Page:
Speaking of Peter David, the first issue of Ben Reilly. Ben was nutty. He shot a guy, took m money from a civilian he saved, and is a bit... off.

      I was a little turned off at first, then I got what this was. Ben has PTSD.

      Dan Slott broke the Ben, and I mean that in the psychological sense. He revealed that he became a villain by killing and resurrecting him over and over again, Then he was a villain going against what he believed in.

      Peter David is trying to rebuild his mind after a trauma, and it is not a quick fix. That is what I think should have been addressed in comics MUCH earlier.

      As for the RETURN of Spectacular, no matter what you think of DAn Slott's writtin, he doesn't seem to be a fan of small stories. Everything seems like it is varying shades of big, or at least way more Spidey than Pete. I think that there are a lot of people who miss that personal element, even the ones who like Slott's stuff.

      Jack

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    8. Back in the day, I had LOTS of freedom writing SPEC. With AMAZING, being the flagship, the editorial reins were held just a little tighter. Plus, we were in the deeps of the Clone Saga, so everything was intertwined.

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    9. did you mean depths?

      Seriously though, you could feel the increased freedom on Spec. From Milgrom portraying Black Cat as kind of mentally unstable, to Peter David's attempt to Frank Miller up Spider-man starting with the Death of Jean De Wolf, to Gerry Conway's Tombstone epic, to J.M Dematteis's Child Within and slow burn with Harry Osborn, none of these felt like they would have worked in Amazing. Too small, too personal, and too experimental. After all, Amazing wasn't just Spidey's flagship, it was Marvel's flagship of flagships. Even if the X-Men did outsell Spidey (and I'm not sure they did) SPider-MAn was still the most iconic character Marvel has or had.

      I wonder if DC took notice of any advantages to how Marvel set up the difference between Amazing, Spectacular , and the early days of Web.

      In the 90s, BAtman's books became more diversified.

      BAtman was his solo adventures, Detective was BAtman and Robin, Shadow of the BAt was more villain and Gotham based, and Legends of the Dark KNight was more personal, small, and less chronologically certain.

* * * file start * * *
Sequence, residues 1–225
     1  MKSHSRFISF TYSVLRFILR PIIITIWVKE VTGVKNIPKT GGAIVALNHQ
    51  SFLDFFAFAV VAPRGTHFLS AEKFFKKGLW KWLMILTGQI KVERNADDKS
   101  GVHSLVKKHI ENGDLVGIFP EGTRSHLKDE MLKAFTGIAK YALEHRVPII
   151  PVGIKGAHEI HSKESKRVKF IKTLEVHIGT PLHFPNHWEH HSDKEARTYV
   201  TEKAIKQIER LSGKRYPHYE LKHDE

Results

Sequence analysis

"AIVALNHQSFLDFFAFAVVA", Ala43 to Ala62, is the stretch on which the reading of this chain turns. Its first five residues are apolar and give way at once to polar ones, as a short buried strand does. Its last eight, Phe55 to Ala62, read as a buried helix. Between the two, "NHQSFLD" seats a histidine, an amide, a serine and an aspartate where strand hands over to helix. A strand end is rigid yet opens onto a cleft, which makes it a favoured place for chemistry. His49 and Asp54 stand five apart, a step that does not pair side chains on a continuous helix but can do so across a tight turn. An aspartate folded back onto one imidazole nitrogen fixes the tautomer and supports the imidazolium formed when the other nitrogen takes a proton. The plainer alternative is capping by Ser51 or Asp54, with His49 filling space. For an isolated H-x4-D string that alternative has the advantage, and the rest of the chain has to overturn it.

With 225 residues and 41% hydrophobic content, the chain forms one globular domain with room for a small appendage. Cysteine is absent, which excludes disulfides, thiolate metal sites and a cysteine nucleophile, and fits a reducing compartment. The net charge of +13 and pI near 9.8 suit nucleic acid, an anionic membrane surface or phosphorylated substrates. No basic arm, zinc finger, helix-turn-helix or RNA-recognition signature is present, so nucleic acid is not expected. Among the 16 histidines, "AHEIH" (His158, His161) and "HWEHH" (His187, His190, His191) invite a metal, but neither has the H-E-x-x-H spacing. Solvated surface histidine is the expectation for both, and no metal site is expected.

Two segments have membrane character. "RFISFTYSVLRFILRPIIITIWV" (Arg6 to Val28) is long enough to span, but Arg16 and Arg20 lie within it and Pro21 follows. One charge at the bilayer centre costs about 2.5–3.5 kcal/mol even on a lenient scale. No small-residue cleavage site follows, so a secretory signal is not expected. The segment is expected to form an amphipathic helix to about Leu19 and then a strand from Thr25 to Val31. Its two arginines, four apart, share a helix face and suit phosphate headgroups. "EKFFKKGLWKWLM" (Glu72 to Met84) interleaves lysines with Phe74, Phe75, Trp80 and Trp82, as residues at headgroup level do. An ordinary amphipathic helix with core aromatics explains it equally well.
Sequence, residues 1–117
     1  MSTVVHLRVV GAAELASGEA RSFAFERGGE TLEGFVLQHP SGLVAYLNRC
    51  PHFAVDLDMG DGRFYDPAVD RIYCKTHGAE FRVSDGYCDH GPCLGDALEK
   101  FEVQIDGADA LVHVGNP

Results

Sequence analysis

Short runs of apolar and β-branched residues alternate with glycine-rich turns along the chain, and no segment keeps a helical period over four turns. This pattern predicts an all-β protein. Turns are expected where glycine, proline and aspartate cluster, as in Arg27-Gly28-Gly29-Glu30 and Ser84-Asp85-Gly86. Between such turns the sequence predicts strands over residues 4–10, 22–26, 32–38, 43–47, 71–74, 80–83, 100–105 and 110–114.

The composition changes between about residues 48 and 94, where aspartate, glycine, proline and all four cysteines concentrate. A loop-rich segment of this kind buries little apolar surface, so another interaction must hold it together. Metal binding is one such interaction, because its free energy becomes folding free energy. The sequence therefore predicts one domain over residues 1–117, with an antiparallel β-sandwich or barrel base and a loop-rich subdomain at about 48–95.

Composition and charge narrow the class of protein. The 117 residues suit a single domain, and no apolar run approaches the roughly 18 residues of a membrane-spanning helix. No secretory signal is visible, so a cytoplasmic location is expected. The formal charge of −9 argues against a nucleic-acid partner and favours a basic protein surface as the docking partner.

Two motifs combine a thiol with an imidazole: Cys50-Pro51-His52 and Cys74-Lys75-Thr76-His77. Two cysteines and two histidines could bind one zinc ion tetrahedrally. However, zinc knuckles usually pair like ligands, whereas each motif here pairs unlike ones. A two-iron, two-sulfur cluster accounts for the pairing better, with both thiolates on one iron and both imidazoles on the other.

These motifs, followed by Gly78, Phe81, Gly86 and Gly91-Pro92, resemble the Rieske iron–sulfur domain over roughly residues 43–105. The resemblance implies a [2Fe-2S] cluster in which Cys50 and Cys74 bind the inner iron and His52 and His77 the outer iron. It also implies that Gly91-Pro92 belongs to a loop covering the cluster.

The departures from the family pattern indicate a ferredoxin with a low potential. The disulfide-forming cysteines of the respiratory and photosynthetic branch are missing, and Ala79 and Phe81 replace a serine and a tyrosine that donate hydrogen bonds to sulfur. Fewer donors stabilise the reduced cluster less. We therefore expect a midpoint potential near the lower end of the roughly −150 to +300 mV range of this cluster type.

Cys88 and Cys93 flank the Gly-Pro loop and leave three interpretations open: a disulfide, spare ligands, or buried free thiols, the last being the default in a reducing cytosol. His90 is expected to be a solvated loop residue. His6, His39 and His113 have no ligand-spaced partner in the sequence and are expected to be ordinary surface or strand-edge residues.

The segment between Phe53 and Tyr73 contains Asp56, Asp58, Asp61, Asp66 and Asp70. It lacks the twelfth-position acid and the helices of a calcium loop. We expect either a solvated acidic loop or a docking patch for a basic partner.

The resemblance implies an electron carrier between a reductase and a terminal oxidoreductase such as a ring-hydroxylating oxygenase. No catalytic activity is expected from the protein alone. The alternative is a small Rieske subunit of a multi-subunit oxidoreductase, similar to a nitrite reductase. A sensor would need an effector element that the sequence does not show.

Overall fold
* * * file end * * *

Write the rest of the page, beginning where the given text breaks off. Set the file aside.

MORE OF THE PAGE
Iconic characters, and well rounded ones, have a large variety of stories they can tell. It is a shame when the big two don't see that and just have different writers doing the same type in multiple books.

      It is especially odd since the longer one of those characters is around, the less likely one writer or one type of story will please everybody.

      https://www.youtube.com/watch?v=cEstpk1ucnU


      Jack

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    10. Marvel also did a short-lived series called WEBSPINNERS (I wrote the first arc) that allowed for a lot of freedom and play with the character and his history. Sort of like LEGENDS OF THE DARK KNIGHT.

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    11. I prefer Conway's SPECTACULAR SPIDER-MAN and WEB OF SPIDER-MAN stories from the late 80s-early 90s to his original ASM run.

      At its peak, Mantlo's PP:TSSM was the perfect complement to Stern's ASM. The Ock/Owl Gang War is criminally underrated, and the Kingpin/Silvermane/Spot stuff is great as well. That was a sweet, sweet time to be a Spidey fan.

      When Peter David was writing the book, it felt like nothing that had ever come before. He took the street level vibe to another level and dealt with the emotional impact of crime quite well. (PAD's "Return of the Sin-Eater" is better than the original in my humble opinion.)

      And then there was that guy whose name I forget who had something mildly interesting to say about Harry Osborn...:)

      Jack, I think you're right about the scope of stories Slott prefers. Tonally, I'd say his ASM run has the most in common with MARVEL TEAM-UP.

      --David



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    12. Oh, you wouldn't know him, JMD. Pretty obscure Spidey character best known for having the same barber as Sandman.

      --David

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    13. No love for Gillian Welch? Whatever.

      David- I would probably agree that "return of Sin- Eater" was better. but I do love the Spider-man/Daredevil interaction in the last issue of the original.

      And my guess is that Slott has a love of the team up books, his Thing series (which I did enjoy) had a very Marvel Two-in-One feel. ts heard for me me to way in on his ASM run, I'm not a big fan of his Peter Parker (I did enjoy his Superior), just not for me.

      As for Conway, I personally find it hard. He gets the Wallcrawler so well. My favorite Spider-work may be the 80s graphic novel "Parallel lives," Of course that is more for the MJ work. The 80s-90s had more skill and planning, but the 70s had that amazing energy... not to mention the underrated mindworm, and Ben Reilly's technical first appearance, and that great two pages at the end of Gwen's death, where MJ refuses to leave.